Alzheimer’s disease (AD) is a paramount chronic neurodegenerative condition that has been affecting elderly people since the 1900s. It causes memory loss, disorientation, and poor mental function. AD is considered to be one of the most serious problems that dementia sufferers face. Despite extensive investigation, the pathological origin of Alzheimer’s disease remains a mystery. The amyloid cascade theory and the vascular hypothesis, which stresses the buildup of Aβ plaques, have dominated research into dementia and aging throughout history. However, research into this task failed to yield the long-awaited therapeutic miracle lead for Alzheimer’s disease. Perhaps a hypothetical fragility in the context of Alzheimer’s disease was regarded as a state distinct from aging in general, as suggested by the angiogenesis hypothesis, which suggests that old age is one state associated with upregulation of angiogenic growth factors, resulting in decreased microcirculation throughout the body. There has also been evidence that by controlling or inhibiting the components involved in the sequence of events that cause angiogenesis, there is a visible progression in AD patients. In Alzheimer’s disease, one such antiangiogenic drug is being used.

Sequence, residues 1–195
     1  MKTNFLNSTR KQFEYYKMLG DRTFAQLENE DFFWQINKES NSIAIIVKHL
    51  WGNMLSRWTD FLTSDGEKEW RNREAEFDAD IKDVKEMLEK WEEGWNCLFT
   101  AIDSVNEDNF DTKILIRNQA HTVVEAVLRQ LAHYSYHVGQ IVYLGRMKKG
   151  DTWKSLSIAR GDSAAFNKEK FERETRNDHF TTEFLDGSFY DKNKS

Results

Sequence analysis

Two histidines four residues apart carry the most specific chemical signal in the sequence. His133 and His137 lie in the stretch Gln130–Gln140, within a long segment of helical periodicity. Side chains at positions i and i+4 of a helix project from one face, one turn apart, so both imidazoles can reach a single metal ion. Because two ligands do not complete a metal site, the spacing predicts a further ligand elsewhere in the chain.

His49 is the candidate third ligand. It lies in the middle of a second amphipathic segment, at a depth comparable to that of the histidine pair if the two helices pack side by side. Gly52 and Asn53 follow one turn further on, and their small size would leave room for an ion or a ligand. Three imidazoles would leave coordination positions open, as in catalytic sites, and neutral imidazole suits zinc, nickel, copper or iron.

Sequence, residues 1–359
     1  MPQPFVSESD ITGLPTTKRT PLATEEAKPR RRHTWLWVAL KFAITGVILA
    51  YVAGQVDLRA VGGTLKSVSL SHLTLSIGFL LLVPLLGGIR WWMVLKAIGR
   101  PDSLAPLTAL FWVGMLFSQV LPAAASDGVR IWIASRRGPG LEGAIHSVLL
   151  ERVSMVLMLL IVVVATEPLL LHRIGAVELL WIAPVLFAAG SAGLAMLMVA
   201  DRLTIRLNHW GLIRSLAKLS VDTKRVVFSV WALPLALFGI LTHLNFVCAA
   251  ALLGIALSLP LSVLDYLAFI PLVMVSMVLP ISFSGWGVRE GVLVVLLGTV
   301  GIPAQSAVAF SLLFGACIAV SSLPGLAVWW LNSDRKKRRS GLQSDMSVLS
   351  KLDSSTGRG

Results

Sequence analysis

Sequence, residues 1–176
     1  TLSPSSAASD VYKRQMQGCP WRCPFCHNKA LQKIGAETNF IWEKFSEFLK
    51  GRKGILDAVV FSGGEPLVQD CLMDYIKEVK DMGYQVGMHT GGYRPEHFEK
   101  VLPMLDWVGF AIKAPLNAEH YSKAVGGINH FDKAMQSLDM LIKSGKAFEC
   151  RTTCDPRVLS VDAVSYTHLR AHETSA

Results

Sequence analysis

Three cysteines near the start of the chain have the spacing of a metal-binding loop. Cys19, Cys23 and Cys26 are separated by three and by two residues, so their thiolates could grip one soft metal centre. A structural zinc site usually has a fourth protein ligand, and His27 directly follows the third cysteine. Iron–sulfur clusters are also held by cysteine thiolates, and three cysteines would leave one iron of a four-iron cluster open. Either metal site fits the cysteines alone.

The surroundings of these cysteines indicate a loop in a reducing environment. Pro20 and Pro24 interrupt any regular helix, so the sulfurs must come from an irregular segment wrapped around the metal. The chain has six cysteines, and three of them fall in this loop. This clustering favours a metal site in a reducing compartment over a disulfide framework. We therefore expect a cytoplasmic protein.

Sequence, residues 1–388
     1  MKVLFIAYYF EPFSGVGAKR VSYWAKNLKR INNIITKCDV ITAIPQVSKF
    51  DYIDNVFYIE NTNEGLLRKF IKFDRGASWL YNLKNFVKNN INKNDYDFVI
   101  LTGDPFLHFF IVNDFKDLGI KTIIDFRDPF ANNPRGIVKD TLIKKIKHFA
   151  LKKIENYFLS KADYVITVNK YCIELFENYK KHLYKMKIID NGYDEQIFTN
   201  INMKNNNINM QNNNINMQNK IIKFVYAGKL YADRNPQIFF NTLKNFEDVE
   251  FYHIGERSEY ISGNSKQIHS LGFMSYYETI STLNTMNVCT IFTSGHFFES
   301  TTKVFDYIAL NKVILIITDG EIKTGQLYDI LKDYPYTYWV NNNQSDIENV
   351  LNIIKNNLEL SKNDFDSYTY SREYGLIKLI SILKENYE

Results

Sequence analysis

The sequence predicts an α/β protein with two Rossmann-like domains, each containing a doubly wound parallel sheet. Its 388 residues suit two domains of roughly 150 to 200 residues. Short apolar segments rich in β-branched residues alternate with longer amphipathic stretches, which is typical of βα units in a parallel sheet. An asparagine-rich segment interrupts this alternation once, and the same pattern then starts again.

Nota bibliográficaPublisher Copyright:
© 2021, The Author(s), under exclusive licence to Springer-Verlag GmbH Germany, part of Springer Nature.